Declaration on Germany
The Foreign Ministers of France, Germany, the United Kingdom and the United States met on 14th December, 1966, on the eve of the Ministerial Meetings of the North Atlantic Alliance in Paris, in order to discuss the situation in Germany.
The meeting took place exactly eight years after the four Foreign Ministers had met in Paris on 14th December, 1958, when Foreign Minister Brandt, then Governing Mayor of Berlin, reported on the situation of Berlin. The Foreign Ministers confirmed that their governments would continue to be responsible for the security and viability of a free Berlin.
The Foreign Ministers of France, the United Kingdom and the United States took note of the intention of the Federal Republic of Germany to develop human, economic and cultural contacts between the two parts of Germany. These contacts aim in particular at alleviating the human misery which is a result of the partition of the German people. The three Ministers share the views of the Federal Government and will support these efforts within the framework of the responsibilities incumbent on their governments.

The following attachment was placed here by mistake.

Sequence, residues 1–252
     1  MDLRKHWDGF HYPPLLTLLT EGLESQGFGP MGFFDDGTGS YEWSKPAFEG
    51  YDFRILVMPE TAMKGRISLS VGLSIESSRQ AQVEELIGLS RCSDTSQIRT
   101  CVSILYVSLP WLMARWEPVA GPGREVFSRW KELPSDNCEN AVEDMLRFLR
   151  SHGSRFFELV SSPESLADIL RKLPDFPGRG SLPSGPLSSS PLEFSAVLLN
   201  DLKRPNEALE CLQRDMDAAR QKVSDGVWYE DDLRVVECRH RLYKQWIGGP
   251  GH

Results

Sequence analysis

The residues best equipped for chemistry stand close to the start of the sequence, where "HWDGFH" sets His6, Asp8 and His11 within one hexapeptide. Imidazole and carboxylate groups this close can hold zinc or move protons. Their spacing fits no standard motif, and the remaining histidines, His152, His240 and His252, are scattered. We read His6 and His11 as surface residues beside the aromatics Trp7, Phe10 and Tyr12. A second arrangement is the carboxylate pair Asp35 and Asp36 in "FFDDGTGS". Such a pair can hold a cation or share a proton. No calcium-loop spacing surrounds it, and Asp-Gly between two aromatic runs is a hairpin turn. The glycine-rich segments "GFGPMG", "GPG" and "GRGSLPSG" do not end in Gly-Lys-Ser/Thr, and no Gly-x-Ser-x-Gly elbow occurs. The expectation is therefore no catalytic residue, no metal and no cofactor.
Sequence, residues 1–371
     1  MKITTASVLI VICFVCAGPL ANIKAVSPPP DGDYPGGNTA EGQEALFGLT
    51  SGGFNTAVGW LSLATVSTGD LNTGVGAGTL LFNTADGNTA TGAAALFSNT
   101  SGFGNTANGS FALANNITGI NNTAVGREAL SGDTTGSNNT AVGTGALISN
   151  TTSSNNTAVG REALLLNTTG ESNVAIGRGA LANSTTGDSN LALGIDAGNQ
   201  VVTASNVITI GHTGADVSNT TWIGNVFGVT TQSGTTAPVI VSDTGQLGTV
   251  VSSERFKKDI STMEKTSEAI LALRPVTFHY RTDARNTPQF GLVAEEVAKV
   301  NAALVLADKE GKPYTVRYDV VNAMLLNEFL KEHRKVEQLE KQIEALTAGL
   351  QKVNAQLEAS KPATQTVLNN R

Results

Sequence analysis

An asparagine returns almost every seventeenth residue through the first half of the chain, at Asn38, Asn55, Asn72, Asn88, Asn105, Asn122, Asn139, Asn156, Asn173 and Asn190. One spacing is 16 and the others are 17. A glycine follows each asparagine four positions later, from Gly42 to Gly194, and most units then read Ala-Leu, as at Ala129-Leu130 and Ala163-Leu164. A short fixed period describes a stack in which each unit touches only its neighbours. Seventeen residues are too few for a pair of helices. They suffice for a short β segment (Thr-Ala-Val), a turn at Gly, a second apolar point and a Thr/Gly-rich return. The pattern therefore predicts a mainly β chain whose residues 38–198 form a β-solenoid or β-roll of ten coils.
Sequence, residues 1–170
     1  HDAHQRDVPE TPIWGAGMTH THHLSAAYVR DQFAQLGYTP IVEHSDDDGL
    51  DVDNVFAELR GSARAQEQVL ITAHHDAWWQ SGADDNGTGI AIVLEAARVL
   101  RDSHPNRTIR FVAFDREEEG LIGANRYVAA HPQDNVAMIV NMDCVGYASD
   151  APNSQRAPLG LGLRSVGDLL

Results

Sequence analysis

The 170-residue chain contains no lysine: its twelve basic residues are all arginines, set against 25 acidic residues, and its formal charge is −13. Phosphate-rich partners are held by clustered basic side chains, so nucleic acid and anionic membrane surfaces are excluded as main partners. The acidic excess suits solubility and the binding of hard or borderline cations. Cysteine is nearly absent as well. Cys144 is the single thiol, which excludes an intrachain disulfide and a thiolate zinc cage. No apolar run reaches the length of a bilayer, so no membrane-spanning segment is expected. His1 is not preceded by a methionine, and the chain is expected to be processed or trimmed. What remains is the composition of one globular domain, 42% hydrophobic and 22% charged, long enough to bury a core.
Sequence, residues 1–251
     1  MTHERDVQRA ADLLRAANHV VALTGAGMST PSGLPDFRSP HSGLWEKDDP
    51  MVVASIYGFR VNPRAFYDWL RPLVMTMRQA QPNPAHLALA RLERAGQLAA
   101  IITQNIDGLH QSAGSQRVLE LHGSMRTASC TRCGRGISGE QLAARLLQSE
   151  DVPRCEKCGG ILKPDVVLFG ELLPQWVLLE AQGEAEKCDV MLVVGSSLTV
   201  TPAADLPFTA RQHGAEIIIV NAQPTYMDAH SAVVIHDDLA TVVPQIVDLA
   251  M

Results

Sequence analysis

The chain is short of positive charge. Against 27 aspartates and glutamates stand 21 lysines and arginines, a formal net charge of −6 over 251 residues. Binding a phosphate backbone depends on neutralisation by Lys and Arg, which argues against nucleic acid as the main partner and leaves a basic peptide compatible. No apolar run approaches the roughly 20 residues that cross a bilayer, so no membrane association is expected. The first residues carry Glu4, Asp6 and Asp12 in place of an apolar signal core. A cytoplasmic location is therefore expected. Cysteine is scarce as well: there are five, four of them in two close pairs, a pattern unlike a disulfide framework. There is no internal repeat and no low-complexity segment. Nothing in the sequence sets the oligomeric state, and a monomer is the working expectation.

The Ministers re-emphasized that the solution of the German question is one of the essential problems in the relations between East and West. This solution can only be achieved by peaceful methods, on the basis of the right of self-determination, and through the creation of an atmosphere of détente on the continent, under conditions guaranteeing the security of all countries.